Francois Botha boasts SBW will be seeing stars

LIAM NAPIER
Last updated 05:00 14/10/2012
Francois Botha
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Mike Tyson looks down at a knocked out Francois Botha.
Sonny Bill Williams
BRUCE MERCER/Fairfax NZ Zoom
Sonny Bill Williams announcing his plans to play in Japan.

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Age has only boosted Francois Botha's supreme self-belief.

At 44, the "White Buffalo" is well past his prime. After 60 professional fights, even the twilight years are long gone.

His pot belly displays the afterglow of numerous Castle lagers and hearty South African steaks.

But this former boxing champion has taken shots from some of the best - Mike Tyson, Lennox Lewis, Evander Holyfield, just to cite a few. And, for that reason, Botha feels Kiwi rugby/league star Sonny Bill Williams is not in his league. Not even close.

Williams is, apparently, set for a beating on November 21 in Durban.

"I see Sonny Bill getting knocked out, legs shaking on the floor and lips trembling," Botha told Sunday News.

His arrogance is borne from experience.

Botha's headline fights in the 1990s contributed to substantial career earnings that even Williams cannot yet match.

"I'm looking at more than $10 million," Botha said.

"Once you establish yourself in boxing, then the big fights come. Then you can make a huge amount of money."

It's no wonder he is a well-known, if not renowned, heavyweight.

In his heyday, when the division of giants had a strong pulse, Botha claimed the IBF title in 1995 with victory over German Axel Schulz, only to be stripped of the crown for steroid use. At that point he was 36-0.

The fight with Tyson in 1999 remains his fondest memory, despite being knocked out in the fifth round by an electrifying right hand.

Botha was Tyson's first opponent after returning from his 19-month exile for biting Holyfield's ear.

"The Mike Tyson fight always stands out. Everybody will always remember Tyson. He had knocked out everybody. No one gave me a shot of lasting five minutes."

Since then, Botha has experienced four brutal years of mixed martial arts in Japan, where he suffered a broken leg, before returning to his traditional trade.

"They flew me right to the top. I didn't know anything about kick boxing and those guys kicked the shit out of me. It took me a while before I really started getting into it.

"In the boxing ring I would destroy those guys."

Losing four of his last five fights and weighing around 124kg, it is clear Botha's fitness is not an asset but he still packs a killer punch. Just ask Flo Simba, the previously 10-0 South African cruiserweight, whom Botha knocked out last year.

If the lines read off Botha's brash script next month, Williams will play a similar role.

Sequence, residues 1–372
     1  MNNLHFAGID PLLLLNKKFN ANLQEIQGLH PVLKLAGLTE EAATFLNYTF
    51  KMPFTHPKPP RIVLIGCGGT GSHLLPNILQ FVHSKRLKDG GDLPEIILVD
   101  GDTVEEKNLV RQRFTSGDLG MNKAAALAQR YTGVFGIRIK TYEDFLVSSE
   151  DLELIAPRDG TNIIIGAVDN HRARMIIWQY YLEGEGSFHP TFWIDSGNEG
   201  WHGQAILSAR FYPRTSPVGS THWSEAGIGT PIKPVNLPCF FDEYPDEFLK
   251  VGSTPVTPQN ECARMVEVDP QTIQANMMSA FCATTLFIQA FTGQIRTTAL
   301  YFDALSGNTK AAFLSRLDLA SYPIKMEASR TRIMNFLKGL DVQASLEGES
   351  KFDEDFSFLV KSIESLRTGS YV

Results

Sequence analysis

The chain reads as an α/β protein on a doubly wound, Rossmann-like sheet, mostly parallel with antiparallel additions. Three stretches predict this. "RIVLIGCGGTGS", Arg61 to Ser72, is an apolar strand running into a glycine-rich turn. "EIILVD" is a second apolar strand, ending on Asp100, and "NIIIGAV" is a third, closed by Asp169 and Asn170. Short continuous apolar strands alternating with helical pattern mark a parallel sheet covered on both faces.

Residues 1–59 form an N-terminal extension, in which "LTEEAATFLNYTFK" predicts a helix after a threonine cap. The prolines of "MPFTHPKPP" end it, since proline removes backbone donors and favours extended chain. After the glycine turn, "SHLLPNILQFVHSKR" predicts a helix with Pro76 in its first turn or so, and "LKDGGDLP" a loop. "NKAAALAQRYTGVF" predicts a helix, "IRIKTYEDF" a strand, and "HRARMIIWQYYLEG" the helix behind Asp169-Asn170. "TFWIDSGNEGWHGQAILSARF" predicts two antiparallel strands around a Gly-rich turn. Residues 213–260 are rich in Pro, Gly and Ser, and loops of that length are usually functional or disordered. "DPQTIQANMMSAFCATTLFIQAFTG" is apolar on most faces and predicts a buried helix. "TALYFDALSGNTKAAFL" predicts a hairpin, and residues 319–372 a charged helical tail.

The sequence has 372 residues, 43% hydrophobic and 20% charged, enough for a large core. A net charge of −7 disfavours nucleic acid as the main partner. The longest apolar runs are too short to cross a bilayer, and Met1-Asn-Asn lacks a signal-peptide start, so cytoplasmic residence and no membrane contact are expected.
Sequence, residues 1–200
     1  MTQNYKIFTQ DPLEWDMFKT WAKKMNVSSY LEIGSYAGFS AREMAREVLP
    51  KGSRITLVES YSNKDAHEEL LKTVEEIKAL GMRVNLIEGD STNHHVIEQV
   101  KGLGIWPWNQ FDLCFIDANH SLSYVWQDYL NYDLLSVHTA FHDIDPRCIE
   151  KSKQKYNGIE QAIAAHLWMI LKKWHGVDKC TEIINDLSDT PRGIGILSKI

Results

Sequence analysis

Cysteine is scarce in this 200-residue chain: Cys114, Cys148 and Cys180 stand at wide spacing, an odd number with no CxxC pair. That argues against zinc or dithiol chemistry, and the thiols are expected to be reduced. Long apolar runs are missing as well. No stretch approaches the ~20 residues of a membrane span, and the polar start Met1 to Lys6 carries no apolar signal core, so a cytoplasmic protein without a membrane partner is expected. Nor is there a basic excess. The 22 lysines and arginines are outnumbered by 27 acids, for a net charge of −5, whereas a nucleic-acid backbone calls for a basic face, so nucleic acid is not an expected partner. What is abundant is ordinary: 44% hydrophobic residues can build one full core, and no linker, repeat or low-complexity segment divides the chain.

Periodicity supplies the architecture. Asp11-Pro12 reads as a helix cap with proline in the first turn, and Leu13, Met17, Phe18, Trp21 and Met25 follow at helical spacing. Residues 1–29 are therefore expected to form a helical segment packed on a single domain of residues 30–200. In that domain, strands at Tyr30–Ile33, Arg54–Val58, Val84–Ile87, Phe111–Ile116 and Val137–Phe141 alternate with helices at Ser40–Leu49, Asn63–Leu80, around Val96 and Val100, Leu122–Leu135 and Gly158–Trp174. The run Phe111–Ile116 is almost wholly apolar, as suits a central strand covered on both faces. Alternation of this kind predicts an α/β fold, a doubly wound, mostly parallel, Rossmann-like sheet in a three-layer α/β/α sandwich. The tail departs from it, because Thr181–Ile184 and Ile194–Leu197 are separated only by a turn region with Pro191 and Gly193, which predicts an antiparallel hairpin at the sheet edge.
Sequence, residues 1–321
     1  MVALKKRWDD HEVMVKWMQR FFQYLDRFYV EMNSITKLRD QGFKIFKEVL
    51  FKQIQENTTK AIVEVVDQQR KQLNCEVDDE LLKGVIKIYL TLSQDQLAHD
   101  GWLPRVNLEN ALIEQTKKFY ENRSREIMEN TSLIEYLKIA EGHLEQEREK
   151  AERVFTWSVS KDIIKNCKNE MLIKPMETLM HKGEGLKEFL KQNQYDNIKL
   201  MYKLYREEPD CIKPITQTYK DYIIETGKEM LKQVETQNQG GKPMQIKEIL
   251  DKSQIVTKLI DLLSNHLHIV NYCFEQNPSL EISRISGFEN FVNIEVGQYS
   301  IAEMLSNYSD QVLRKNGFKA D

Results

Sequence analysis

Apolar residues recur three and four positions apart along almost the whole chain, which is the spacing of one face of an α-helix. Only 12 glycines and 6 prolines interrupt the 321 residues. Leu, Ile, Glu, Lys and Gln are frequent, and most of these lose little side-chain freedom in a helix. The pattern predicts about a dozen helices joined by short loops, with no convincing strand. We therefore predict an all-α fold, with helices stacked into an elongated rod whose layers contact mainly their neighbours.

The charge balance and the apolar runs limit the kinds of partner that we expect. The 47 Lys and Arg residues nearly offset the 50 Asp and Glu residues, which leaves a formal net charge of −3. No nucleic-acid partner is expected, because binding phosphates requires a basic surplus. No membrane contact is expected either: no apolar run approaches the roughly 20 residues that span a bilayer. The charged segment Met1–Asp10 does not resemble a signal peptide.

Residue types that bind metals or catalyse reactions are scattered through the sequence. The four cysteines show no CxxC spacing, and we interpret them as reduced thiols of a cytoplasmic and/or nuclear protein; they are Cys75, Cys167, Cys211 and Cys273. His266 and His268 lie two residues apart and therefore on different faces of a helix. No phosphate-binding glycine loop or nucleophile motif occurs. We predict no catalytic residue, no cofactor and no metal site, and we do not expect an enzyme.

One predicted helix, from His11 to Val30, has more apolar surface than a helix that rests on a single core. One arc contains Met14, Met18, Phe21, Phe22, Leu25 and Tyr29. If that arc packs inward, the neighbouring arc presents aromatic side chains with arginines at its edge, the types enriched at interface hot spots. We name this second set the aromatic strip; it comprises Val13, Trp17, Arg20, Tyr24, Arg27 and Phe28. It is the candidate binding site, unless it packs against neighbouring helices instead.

"He's going to have a rude awakening but it will make him a better fighter in the future.

"Sonny Bill Williams might be a good rugby player but I don't see him as a good boxer. He doesn't belong in the boxing ring. He should go play rugby.

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"He's just starting out his career. He's taking a big step up. It's a big risk."

Botha admires Williams' courage and athleticism but believes the dual-code superstar is "young and foolish" for taking such a punt so early in his budding boxing career.

If managed properly, professional boxers slowly build credentials by taking gradual steps to fashion respectable, undefeated records.

Not Williams. Just five fights into his under-whelming pro career he is taking chances.

"I would never have taken a fight such as this at his stage of his career," Botha said.

"The guys he's fought are all rubbish.

"They are mediocre fighters I wouldn't let tie my shoe laces. He's about to find out what it's all about. He's young and foolish. I'm mature and wise.

"I'm going to take him out quick. "

Botha reckons Williams should have taken baby steps before taking on a seasoned veteran.

"My son has started boxing. Maybe he should have fought my son. He's 22. He's a good boxer. He's had two amateur fights and won both.

"If he beats my son then he can fight Big Daddy," he said, chuckling.

There is a theory that favours Williams. If he can use his long reach to keep his distance in the first four rounds, his superior conditioning should get him through. After much convincing, Botha concedes Williams might "get lucky" and fast-track his boxing credentials.

"If he can do well against me it will raise his status around the world."

Having seen and gone toe-to-toe with, some of the premier heavyweights of the modern era, Botha bemoans its diminishing appeal.

"The heavyweight division is a shambles at the moment," he said.

"We will never see the likes of Mike Tyson or Lennox Lewis again.

"We need somebody that can lift the standard.

"Look at the Klitschkos . . . they are boring. That's why nobody watches them."

After Williams he plans to realise a book, dabble in promotion and start a world boxing exhibition tour with Holyfield.

But he can't sign off without one final jibe at Williams. "Don't you scare the boy too much now."

- Sunday Star Times

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